Exercise 2.27: Modify your deep-reverse procedure of Exercise 2.18 to produce a deep-deep-reverse procedure that takes a list as argument and returns as its value the list with its elements deep-reversed and with all sublists deep-deep-reversed as well. For example,

(define x (list (list 1 2) (list 3 4)))

((1 2) (3 4))

(deep-reverse x)
((3 4) (1 2))

(deep-deep-reverse x)
((4 3) (2 1))

Please review my code.

(define (deep-deep-reverse lst)
    (cond ((null? lst) '())
        ((list? lst) (append (deep-deep-reverse (cdr lst)) (list (deep-deep-reverse (car lst)))))
    (else lst)))

I spent an hour doing this, and I am actually extremely surprise on how small this code is in the end. How can I improve this code? Perhaps make it faster?


2 Answers 2


If you actually indented it that way please use an editor that does automatically - usually the individual cases of the cond should align, e.g. like so:

(define (deep-deep-reverse lst)
   ((null? lst) '())
   ((list? lst) (append (deep-deep-reverse (cdr lst))
                        (list (deep-deep-reverse (car lst)))))
   (else lst)))

The function looks good. For clarity it might make sense to move the middle case to the end, but it's not like that changes much.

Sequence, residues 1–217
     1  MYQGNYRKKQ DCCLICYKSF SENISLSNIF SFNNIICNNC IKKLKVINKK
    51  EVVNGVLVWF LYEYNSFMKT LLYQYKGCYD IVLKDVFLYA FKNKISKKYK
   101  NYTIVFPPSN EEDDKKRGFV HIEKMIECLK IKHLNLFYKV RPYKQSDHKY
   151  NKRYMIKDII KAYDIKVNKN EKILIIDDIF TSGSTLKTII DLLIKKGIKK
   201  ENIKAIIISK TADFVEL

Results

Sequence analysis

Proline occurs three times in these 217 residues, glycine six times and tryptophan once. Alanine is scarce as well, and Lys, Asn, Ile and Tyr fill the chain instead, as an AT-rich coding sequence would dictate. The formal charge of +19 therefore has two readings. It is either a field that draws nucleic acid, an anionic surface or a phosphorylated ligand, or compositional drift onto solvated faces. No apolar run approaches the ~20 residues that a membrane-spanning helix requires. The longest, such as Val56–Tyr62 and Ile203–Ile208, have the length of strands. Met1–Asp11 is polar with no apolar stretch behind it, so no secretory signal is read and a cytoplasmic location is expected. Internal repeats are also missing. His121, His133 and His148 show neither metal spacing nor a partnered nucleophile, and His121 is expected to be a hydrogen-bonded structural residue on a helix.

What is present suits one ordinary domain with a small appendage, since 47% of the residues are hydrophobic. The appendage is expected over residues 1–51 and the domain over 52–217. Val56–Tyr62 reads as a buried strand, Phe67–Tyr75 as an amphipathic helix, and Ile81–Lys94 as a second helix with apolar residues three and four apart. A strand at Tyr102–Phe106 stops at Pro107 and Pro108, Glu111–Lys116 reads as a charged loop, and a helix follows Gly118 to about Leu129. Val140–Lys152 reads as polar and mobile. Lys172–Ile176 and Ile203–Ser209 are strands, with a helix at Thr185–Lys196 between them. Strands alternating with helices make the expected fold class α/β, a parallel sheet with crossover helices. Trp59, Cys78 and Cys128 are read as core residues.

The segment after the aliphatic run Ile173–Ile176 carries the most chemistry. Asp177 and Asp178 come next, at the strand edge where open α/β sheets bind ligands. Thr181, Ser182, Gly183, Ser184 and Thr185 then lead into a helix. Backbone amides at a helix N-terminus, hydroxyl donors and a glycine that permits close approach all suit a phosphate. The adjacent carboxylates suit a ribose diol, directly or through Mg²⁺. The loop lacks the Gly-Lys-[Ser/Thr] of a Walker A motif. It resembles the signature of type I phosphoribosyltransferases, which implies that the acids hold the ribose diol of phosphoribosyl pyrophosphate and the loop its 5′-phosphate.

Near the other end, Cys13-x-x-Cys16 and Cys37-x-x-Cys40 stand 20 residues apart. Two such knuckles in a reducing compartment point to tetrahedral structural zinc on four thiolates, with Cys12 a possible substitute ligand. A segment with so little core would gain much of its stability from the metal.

However consider that append used in this way is quite expensive because it repeatedly recreates a "long" list (from the cdr recursion) to stick the "short" list (from the car part) at the end.

(As an exercise for the reader) you can use an accumulator instead to avoid append completely (instead cons is enough). The function would look pretty similar:

(define (deep-deep-reverse2 lst)
  (define (aux lst acc)
  (aux lst '()))
  • \$\begingroup\$ if cons sticks two lists together, it's constant time, right? \$\endgroup\$ Jan 6, 2016 at 7:11
  • \$\begingroup\$ The cons is constant sure, the whole function definitely not. \$\endgroup\$
    – ferada
    Jan 6, 2016 at 17:00

As noted above append gets expensive, with time and memory constraints liners to the size of the first argument. Actually recurring on each cdr of the list makes the overall function n^2 when the input is a list of lists.

The other thing to keep in mind is that list? also takes time linear time to complete. (resulting in another n^2 time constraint.) Alternatively pair? runs in constant time but doesn't protect/guard againstimproper list. (however when you are worried about improper input you should just go ahead and check it at the beginning of a function. )

You can reverse a list by folding cons over it as well.

(define (deep-deep-reverse3 x)
    (fold (lambda (x acc) 
            (cons (if (pair? x)
                      (deep-deep-reverse3 x)
  • \$\begingroup\$ fold is nice, but I don't think I should use it at this time since the book doesn't introduce it at this chapter. \$\endgroup\$ Jan 6, 2016 at 6:58

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